Drug withdrawal may include a combination of physical, emotional, and mental symptoms. Some of these symptoms can prove dangerous if left unmanaged. The precise duration of how long withdrawal symptoms last is unique to the individual. It is also determined by the particular substance you used, the amount of the substance you used, and for how long. For some, it may take days or weeks, whereas, for others, it could take months to reach a complete resolution of all withdrawal symptoms. However, the most acute withdrawal symptoms generally last for five to ten days.

 

What Is the Most Effective Way to Manage Drug Withdrawal Symptoms?

Withdrawal and detox can be challenging and sometimes dangerous for someone choosing to detox from certain drugs. If you are thinking of getting sober, it is highly recommended that you seek guidance from an addiction treatment facility where you can undergo medically supervised detox. This way, should your withdrawal symptoms become severe, they can be managed appropriately by trained medical staff. Withdrawal management is a large part of the medical detox process. It can often help you avoid potentially relapsing, as sometimes happens when one attempts to detox from substances independently.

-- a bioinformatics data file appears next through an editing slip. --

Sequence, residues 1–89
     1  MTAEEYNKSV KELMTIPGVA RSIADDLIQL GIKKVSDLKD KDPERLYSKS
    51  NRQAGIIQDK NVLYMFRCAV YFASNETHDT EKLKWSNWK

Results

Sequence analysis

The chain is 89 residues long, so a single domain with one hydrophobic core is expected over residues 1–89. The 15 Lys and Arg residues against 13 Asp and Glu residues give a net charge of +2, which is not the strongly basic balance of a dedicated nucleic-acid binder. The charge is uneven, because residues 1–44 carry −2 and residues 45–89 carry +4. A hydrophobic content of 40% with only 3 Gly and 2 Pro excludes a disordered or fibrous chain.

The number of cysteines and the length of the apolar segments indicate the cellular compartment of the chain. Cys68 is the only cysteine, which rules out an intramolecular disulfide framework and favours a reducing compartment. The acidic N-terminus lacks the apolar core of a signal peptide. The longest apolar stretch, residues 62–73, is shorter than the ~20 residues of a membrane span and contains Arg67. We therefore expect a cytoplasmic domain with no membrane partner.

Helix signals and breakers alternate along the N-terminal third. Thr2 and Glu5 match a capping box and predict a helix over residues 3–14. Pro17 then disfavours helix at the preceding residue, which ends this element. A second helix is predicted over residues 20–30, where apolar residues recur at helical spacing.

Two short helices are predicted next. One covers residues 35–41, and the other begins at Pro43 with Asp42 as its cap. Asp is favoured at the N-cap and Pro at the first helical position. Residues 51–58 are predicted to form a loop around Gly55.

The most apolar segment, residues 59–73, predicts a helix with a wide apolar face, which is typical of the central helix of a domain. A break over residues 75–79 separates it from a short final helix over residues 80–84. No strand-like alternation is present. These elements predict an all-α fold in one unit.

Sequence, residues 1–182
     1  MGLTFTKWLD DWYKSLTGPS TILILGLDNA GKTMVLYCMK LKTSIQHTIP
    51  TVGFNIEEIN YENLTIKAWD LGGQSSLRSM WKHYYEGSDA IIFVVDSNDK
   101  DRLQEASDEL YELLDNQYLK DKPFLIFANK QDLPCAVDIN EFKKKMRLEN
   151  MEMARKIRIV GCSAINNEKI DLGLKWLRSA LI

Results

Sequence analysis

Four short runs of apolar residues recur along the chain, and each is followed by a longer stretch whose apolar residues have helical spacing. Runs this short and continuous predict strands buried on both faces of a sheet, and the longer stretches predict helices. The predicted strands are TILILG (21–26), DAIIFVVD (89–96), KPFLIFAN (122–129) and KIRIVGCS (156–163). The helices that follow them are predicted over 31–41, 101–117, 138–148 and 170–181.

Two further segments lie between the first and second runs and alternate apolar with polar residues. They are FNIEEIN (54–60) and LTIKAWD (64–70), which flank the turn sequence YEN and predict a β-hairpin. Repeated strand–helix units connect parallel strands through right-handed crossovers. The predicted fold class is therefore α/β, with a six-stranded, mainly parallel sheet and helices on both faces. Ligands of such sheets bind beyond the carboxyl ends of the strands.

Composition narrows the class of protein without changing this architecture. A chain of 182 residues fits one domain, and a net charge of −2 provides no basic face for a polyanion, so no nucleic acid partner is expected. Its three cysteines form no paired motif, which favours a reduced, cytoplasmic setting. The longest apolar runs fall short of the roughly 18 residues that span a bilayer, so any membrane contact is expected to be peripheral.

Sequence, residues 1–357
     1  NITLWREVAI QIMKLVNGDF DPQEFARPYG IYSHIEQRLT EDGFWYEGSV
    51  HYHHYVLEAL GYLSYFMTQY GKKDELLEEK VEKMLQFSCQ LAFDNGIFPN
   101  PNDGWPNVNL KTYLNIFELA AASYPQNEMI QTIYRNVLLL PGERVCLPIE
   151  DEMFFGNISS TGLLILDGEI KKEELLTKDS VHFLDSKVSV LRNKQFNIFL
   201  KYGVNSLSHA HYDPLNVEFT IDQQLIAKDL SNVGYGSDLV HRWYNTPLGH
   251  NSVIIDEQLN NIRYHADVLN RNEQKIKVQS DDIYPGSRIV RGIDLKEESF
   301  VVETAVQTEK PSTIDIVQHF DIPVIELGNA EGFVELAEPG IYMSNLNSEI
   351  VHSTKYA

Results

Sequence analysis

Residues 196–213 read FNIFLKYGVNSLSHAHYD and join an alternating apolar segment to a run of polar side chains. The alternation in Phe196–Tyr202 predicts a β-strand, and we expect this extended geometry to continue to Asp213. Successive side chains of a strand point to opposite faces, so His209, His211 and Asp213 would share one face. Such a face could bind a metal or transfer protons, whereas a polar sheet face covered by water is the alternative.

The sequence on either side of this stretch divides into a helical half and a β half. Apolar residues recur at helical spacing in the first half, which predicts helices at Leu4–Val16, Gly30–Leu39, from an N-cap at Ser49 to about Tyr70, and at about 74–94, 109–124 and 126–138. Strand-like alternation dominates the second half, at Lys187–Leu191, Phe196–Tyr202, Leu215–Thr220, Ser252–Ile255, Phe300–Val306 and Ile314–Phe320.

During medically supervised detox, you can safely rid your body of the substances while having professionals present to monitor your vital signs and administer medications to prevent or manage severe withdrawal symptoms. If you are addicted to alcohol, opioids, benzodiazepines, and other sedatives, medically supervised detox is the most effective and safe way to manage withdrawal with the fewest number of adverse consequences. 

 

Why You Should Detox off Drugs in Sherman Oaks